He wants to try again...

Discussion in 'Substance Abuse' started by tryingtobestrong, Aug 8, 2018.

  1. So my son texts me that he is going to stop cold turkey tomorrow.. Yes, we are going out to help him with his move and were going to break ties. So now he says he will stay with us in our hotel room in case he goes into seizures from stopping cold turkey.. Says he needs someone to back him up on this because he is sick??
    Seriously, he is moving to a new apartment place that has a bar in the basement... I want to ask him how he plans on staying sober.
    The apartment is on the same street as all of the famous bars....

    I don't know what to say or do about this situation. We wanted him to do sober living and stay in the IOP but he refused. Now a week and half later we are back to wanting to stop. He keeps going in circles.
     
    Last edited: Aug 8, 2018
  2. SomewhereOutThere

    SomewhereOutThere Well-Known Member

    I dont think he means he wants to quit. Words mean NOTHING. He had the chance to quit just last week. He clearly doesnt want to but he is trying to maybe gain your favor by throwing this out there for brownie points, even though I dont feel he means a word of it.

    I feel he is playing with you, probably getting ready to ask you for something that costs money so he is messing with you. Frankly I would tell him, "If you seriously want to quit you know where to go. I have no way to help you detox and if you have a seizure, I would rather you be with a medical professional. So you cant stay with us. It wont be helpful to either of us" And I would mean it.

    Hate to bring this up but your sons ACTIONS matter. His words are just gobbly gook. He means he will quit when he acts the part of quitting.

    You already know that his new apartment location is the absolute worst place to be for sober living and your son knows it too. He chose the bar spot on purpose. He is smart. He did it for his convenience. And his actions show you he wont quit at this point in time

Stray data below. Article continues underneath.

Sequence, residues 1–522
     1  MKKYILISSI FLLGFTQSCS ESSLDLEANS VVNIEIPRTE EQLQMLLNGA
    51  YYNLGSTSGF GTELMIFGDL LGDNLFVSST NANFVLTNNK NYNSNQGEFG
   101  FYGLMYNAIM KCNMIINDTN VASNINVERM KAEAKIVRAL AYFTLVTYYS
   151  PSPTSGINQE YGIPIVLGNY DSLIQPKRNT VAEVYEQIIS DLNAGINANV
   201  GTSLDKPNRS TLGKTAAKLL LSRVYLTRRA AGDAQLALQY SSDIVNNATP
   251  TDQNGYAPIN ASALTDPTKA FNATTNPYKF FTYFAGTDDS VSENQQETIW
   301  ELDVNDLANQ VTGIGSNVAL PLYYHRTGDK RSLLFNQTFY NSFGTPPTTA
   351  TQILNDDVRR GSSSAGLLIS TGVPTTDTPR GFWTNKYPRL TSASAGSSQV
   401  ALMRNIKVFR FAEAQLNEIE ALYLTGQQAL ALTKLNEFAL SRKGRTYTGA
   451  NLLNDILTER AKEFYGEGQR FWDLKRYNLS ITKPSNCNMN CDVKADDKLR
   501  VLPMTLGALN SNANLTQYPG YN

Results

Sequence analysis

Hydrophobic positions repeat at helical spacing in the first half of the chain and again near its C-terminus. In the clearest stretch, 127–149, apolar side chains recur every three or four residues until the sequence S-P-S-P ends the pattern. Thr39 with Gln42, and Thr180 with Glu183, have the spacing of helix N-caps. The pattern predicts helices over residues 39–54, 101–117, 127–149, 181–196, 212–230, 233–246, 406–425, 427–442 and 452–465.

I do not beloieve that to his face you will acconplish being done with him. He will cry, act sorry, promise, use meaningless words to hook you in and because ALL of us want to believe them, you will go home believing he is quitting and you will be reinvested, maybe even paying his rent. Face to face is hard even if we know they are lying...we try to tell ourselves "but this time maybe its true" even as they dont behave as if they will be getting sober anytime soon. Thats why I thought going there is a bad idea, amongst other reasons.

    I hope I am wrong, but actions usuually speak louder than words. Words are just babble. Do it, dont say it.

    Good luck!

    Love and light!
     
    Last edited: Aug 8, 2018
  3. EarthIsHard

    EarthIsHard Member

    ttbs, Sorry you're going through this. Key.. he says he's going to quit tomorrow. Why not today? Why does he want you to have to deal with seizures in a hotel room? Bars in the basement, bars on the street.
    A while ago I was trying to get my son in a detox for heroin they said it wasn't life threatening. They did say alcohol was covered because detoxing is life threatening. When he's ready, he'll be ready, but making you feel bad seeing him detox in a hotel room just isn't right. If you do not support how and where he is going to live, it might be better not to go. Easier said than done. I wish you luck and support.
     
  4. New Leaf

    New Leaf Well-Known Member

    These adult kids of ours seem to have a radar for when we decide to pull away. They know how to get at the heart of us and keep us engaged.​
    Hard words to read, but I do agree with Swot that your son is “ toying” with you. I have read that detox from alcohol can be dangerous and needs to be medically supervised. It is cruel of him to expect his parents to sit there and wring your hands while he “may go into seizure.” It is emotionally abusive. You have already paid for him for treatment and he threw that money out the dang window. “Okay, now I really mean it” just doesn’t cut it. But how much does he mean? Living by all the fancy bars?
    Trying, I am so sorry for all of this. It is hard. How does your husband feel about it? When hubs was alive, he wanted to stay connected with Rain. That meant he ended up after a long day at work, doing her laundry and making her a bite to eat. She dropped by weekly. It made me angry and sad, feeling like she was taking advantage of his love and kindness. He was so sad that she was homeless and on drugs.
    I felt that the more we did for her, the deeper she dove.
    It is hard to know what to do when we are gripped by fear, obligation and guilt. Our kids know just how to keep us sucked in. We all have been there, in different scenarios, trying to be strong, but in despair over our kids choices, caught up in their consequences, not knowing what to do. I am sorry for the heart ache.
    Whatever you decide, we are circling the wagons and hoping for the best. For you, your husband and your dear son.